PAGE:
The serpent goes even further in discrediting God’s character by implying that the reason this tree’s fruit has been banned for consumption is that it will open Eve’s eyes to become like God.

Consider what is said though about the creation of man:

ESV  Genesis 1:26 Then God said, “Let us make man in our image, after our likeness. And let them have dominion over the fish of the sea and over the birds of the heavens and over the livestock and over all the earth and over every creeping thing that creeps on the earth.”

Notice that mankind was already created in God’s likeness. Further, mankind was created to have authority over animals. But here in Genesis 3, it is the serpent, an animal, who is challenging God’s authority and integrity.

Next time we’ll study how Eve responds to this new challenge by the serpent.

Meanwhile, what else do you see in these verses that I haven’t mentioned? Send me your observations! I love to hear from my readers.

Blessings,

Barbara Lynn

You Shall Not Eat 2

Previously we learned about the origin and character of the serpent introduced into the narrative of Genesis 3:1. In this verse the serpent directs a question to Eve about God’s instructions regarding fruit trees and their consumption. The serpent turns God’s ample provision of fruit trees into a negative statement that all fruit trees were forbidden.

Eve responds with the following:

ESV  Genesis 3:2-3 And the woman said to the serpent, “We may eat of the fruit of the trees in the garden, but God said, ‘You shall not eat of the fruit of the tree that is in the midst of the garden, neither shall you touch it, lest you die.'”

Is Eve accurate in her statement to the serpent? In part, yes. She is correct that God only banned one tree’s fruit, but she doesn’t specify the tree by name, only location. Plus, she adds to his command that it shouldn’t be touched. Eve also states that disobedience to this command will result in death.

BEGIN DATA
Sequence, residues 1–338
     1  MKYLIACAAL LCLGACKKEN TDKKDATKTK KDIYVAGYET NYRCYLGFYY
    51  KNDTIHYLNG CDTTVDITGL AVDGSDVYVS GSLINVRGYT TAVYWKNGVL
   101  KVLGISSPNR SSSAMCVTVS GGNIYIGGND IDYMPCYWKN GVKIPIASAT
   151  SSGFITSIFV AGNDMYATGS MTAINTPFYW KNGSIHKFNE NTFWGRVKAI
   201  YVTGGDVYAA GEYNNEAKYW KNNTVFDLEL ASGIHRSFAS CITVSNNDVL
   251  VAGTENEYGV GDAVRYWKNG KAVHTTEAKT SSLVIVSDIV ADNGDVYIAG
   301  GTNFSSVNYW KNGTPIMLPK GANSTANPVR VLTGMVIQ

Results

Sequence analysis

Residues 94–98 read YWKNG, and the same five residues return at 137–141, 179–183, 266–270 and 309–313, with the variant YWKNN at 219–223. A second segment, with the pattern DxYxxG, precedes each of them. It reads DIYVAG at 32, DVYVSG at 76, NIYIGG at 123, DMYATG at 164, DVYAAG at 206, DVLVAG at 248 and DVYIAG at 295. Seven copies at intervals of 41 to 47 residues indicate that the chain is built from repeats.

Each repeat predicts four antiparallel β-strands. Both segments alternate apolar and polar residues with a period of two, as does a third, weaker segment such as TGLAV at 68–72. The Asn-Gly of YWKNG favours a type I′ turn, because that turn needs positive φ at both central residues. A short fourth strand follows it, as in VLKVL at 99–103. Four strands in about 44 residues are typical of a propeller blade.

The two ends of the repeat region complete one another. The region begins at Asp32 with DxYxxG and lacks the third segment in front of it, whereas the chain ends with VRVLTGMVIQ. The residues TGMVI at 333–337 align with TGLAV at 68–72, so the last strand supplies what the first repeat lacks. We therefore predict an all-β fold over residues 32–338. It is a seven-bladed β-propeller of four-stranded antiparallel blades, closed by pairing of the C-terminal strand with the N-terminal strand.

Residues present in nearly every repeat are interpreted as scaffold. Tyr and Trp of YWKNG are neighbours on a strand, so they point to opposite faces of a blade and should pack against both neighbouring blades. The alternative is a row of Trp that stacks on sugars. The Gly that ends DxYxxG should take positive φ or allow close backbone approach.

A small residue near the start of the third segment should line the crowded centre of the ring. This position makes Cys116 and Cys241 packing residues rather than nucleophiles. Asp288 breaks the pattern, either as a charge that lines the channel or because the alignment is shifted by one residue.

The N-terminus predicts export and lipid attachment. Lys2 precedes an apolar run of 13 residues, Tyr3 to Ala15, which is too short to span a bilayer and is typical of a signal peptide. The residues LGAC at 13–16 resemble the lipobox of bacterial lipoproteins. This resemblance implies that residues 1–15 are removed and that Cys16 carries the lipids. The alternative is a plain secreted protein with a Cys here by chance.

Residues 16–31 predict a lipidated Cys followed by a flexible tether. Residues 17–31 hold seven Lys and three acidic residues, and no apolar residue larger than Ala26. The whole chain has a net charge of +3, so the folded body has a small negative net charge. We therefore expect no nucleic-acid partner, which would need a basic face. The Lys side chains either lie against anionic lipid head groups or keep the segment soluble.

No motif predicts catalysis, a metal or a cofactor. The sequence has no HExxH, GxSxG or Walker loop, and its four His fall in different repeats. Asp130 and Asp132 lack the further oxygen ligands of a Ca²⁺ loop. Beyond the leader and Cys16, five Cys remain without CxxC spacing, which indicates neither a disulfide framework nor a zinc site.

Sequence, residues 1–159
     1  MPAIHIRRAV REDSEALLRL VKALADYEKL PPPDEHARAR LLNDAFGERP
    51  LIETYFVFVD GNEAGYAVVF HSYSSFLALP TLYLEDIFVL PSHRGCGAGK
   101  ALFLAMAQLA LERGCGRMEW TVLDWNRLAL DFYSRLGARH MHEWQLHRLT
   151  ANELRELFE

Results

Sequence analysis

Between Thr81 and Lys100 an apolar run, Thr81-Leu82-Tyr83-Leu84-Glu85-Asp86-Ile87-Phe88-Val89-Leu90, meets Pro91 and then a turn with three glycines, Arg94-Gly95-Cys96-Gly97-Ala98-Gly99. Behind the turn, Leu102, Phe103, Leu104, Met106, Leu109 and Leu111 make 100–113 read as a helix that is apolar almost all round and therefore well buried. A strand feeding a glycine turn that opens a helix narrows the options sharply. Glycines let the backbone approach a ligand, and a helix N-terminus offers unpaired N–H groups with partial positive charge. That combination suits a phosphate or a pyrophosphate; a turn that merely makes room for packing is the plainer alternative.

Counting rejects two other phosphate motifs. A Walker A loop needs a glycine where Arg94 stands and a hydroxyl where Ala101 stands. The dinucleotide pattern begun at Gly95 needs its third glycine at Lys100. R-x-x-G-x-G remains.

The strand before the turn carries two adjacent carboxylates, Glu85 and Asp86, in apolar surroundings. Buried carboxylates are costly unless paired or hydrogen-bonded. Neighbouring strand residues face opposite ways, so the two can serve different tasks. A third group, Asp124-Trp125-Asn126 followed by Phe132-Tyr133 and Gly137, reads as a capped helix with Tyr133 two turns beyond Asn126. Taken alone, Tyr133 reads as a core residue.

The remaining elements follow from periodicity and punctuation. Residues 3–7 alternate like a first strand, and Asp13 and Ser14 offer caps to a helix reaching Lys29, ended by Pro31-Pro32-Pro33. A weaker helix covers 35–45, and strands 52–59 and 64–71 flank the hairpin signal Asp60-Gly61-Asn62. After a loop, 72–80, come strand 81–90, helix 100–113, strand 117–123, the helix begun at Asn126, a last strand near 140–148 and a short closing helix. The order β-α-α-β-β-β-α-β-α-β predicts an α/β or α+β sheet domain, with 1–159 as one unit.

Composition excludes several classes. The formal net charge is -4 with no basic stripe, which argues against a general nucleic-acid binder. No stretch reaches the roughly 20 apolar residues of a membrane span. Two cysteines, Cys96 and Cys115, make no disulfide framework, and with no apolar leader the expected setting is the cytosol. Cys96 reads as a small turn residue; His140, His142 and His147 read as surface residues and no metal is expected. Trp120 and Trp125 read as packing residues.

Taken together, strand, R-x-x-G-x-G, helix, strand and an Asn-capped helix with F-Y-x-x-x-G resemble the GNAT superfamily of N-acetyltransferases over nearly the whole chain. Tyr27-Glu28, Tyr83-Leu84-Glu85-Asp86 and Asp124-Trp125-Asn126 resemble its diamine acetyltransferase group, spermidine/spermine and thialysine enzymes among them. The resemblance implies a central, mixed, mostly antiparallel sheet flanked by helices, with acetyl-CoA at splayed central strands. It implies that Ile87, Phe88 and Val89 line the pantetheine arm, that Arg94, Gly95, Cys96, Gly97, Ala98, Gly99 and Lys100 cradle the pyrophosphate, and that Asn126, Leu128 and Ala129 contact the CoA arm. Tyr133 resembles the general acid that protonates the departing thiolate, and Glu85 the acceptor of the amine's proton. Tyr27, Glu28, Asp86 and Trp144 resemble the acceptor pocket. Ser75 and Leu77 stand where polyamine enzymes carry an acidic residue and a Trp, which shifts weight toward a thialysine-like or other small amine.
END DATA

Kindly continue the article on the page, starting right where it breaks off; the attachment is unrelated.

Compare what Eve said with God’s statement:

ESV  Genesis 2:16-17 And the LORD God commanded the man, saying, “You may surely eat of every tree of the garden, but of the tree of the knowledge of good and evil you shall not eat, for in the day that you eat of it you shall surely die.” (Also see Genesis 2:9).

God states the name of the specific tree that is banned from consumption. God also said, “you shall surely die”. That’s a much stronger statement than “lest you die.” Further, God never said they couldn’t touch the tree, just not to eat its fruit.

The serpent got it completely wrong. Eve was both vague in response to the serpent regarding which tree and the consequences while also adding to the command given.

How well do you know God’s word? If someone grossly misquoted God’s commands to you would you be able to accurately correct them? Have you ever embellished God’s commands?

These questions are to encourage both my readers and me to ponder, confess to God if needed, and to study God’s word so we can respond accurately when someone questions us about His commands.